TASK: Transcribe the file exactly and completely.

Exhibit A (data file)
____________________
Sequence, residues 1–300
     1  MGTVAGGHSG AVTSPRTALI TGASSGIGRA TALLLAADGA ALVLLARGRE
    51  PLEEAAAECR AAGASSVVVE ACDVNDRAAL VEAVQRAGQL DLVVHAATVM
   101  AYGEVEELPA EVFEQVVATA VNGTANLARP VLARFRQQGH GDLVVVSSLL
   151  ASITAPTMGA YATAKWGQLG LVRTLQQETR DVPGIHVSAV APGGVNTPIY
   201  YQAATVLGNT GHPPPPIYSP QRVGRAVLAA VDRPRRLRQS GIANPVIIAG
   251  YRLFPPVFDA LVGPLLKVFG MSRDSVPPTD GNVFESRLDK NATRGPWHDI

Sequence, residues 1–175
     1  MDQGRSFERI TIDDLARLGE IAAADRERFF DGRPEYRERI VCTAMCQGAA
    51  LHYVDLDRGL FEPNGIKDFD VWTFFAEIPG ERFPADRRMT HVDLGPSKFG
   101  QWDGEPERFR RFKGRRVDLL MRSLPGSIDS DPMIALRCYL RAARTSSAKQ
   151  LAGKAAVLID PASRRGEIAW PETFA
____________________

Sequence, residues 1–300
     1  MGTVAGGHSG AVTSPRTALI TGASSGIGRA TALLLAADGA ALVLLARGRE
    51  PLEEAAAECR AAGASSVVVE ACDVNDRAAL VEAVQRAGQL DLVVHAATVM
   101  AYGEVEELPA EVFEQVVATA VNGTANLARP VLARFRQQGH GDLVVVSSLL
   151  ASITAPTMGA YATAKWGQLG LVRTLQQETR DVPGIHVSAV APGGVNTPIY
   201  YQAATVLGNT GHPPPPIYSP QRVGRAVLAA VDRPRRLRQS GIANPVIIAG
   251  YRLFPPVFDA LVGPLLKVFG MSRDSVPPTD GNVFESRLDK NATRGPWHDI

Sequence, residues 1–175
     1  MDQGRSFERI TIDDLARLGE IAAADRERFF DGRPEYRERI VCTAMCQGAA
    51  LHYVDLDRGL FEPNGIKDFD VWTFFAEIPG ERFPADRRMT HVDLGPSKFG
   101  QWDGEPERFR RFKGRRVDLL MRSLPGSIDS DPMIALRCYL RAARTSSAKQ
   151  LAGKAAVLID PASRRGEIAW PETFA